1. Being Thoughtful about What You Share on Social Media
Propped in the influencer generation and born after the dot-com bubble, our generation has gotten used to individuals being more comfortable oversharing intimate details of their lives and being encouraged, via the instant gratification of “likes,” to vent. The COVID-19 pandemic further normalized peering into everyone’s personal lives on a day-to-day basis through Zoom calls, Webex, LinkedIn, etc. These platforms, which used to be used strictly for publishing professional content, became outlets to share motivational stories and allow colleagues into our homes. The open access to someone’s personal home, via work video calls, further emphasized the difference between the privacy concerns of a 26-year-old lawyer and those of a 45-year-old lawyer.
I would advise Gen Zers to recognize that social media are part of your résumé. Consider, would this be in bad taste if I overshare this aspect of my life with a potential employer? Being conscious of oversharing shouldn’t mean to stifle your creativity, delete your social media account, or pose a fake version of yourself. Just be aware of your audience and what views you endorse if your content is public.
There are also ethics and professionalism nuances that come into play. For example, often lawyers will be excited to share a case or a client that they’re working on. However, a violation of ethical rules on confidentiality and publication of a client’s information on social media accounts could potentially get you disbarred. As an attorney, you are held to a very high ethical ground. Thus, a lot of attorneys write a disclaimer on their social media to protect them from liability and to separate their opinions from those of their workplace. An example of such a disclaimer might say, “The views expressed are my own and not of my employer.”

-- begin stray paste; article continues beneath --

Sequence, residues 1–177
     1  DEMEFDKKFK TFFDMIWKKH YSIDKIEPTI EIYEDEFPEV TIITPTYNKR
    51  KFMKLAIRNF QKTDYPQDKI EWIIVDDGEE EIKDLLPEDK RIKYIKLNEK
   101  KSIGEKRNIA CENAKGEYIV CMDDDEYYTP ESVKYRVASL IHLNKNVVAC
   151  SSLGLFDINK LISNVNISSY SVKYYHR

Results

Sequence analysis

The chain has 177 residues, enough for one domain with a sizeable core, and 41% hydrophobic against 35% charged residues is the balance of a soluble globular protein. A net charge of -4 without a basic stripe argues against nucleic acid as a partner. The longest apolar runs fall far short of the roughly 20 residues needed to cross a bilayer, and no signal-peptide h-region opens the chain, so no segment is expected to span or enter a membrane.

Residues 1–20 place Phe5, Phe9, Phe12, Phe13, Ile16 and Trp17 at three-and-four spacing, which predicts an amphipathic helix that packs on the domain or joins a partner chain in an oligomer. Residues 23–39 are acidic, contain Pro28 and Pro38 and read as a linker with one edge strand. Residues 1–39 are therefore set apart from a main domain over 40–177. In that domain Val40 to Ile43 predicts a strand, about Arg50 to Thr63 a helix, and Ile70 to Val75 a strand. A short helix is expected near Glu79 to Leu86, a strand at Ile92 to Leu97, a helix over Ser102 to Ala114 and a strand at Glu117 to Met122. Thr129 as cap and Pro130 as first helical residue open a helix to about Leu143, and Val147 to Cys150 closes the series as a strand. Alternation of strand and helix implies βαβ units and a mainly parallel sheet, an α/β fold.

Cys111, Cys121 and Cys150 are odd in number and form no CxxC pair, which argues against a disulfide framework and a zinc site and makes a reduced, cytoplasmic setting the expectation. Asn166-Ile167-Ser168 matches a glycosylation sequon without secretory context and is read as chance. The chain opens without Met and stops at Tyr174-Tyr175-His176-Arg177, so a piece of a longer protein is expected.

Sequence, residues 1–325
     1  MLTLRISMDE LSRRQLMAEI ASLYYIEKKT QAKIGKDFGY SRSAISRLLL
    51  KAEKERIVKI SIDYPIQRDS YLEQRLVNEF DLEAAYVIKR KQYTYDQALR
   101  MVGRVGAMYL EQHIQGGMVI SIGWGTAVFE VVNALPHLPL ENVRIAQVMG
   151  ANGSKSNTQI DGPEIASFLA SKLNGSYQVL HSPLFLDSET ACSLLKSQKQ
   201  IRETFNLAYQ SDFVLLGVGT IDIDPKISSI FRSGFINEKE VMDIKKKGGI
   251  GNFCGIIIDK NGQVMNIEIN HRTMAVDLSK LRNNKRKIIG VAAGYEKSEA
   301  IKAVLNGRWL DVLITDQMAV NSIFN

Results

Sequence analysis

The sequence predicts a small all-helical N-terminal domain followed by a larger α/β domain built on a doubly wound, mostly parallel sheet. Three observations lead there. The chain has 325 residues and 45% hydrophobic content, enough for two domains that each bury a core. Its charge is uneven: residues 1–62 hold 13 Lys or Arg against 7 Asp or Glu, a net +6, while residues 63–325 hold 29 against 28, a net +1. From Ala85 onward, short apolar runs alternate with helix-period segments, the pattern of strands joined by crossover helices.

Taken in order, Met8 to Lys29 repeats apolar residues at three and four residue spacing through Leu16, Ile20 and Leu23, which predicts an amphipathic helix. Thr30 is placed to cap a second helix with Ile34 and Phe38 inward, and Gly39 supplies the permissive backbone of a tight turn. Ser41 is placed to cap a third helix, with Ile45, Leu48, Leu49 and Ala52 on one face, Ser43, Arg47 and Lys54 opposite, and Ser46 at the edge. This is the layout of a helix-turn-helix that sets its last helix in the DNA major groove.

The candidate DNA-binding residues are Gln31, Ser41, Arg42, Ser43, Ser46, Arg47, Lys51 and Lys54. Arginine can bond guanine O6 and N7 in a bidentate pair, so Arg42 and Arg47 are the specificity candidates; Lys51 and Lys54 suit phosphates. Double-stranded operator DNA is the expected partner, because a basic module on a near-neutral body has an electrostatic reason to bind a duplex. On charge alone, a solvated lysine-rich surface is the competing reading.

Law school is no easy feat. You worked hard to get to where you are. Don’t throw it all away because of a tweet. Just as how law school teaches us that attorneys craft each word with poise and deliberation, we must be careful how we present ourselves on social media.
2. Harnessing the Power of Social Media in Practice
We are living through an age where influencers have successfully turned their antics into a full-time job. Maybe when you were applying to law school, you consumed a few YouTube videos and TikToks on #LawTikTok providing insider advice on the LSAT and applications. Maybe you read through Reddit and Discord threads about admissions late at night. A study has shown that 54 percent of influencers creating sponsored posts on Instagram worldwide in 2019 were between 25 and 34 years old.
Social media—when used properly, professionally, and ethically in conformity with the law and ABA Model Rules of Professional Conduct—can be a huge asset in any attorney’s toolkit. As a member of Generation Z, I believe it is important to recognize the millennials who charted the way before us.
I am incredibly thankful for my millennial “mentor buddy” at my law firm who has helped me integrate professionally into the first job experience I have ever had, as well as my millennial mentor in law school. I urge everyone to find a trusted mentor who is close to you in age, in addition to a mentor who is more of a senior lawyer. However, it is imperative to be able to get along with attorneys of diverse age ranges and perspectives because this resembles what practicing as an attorney is like. In the next section, we discuss how to best approach this.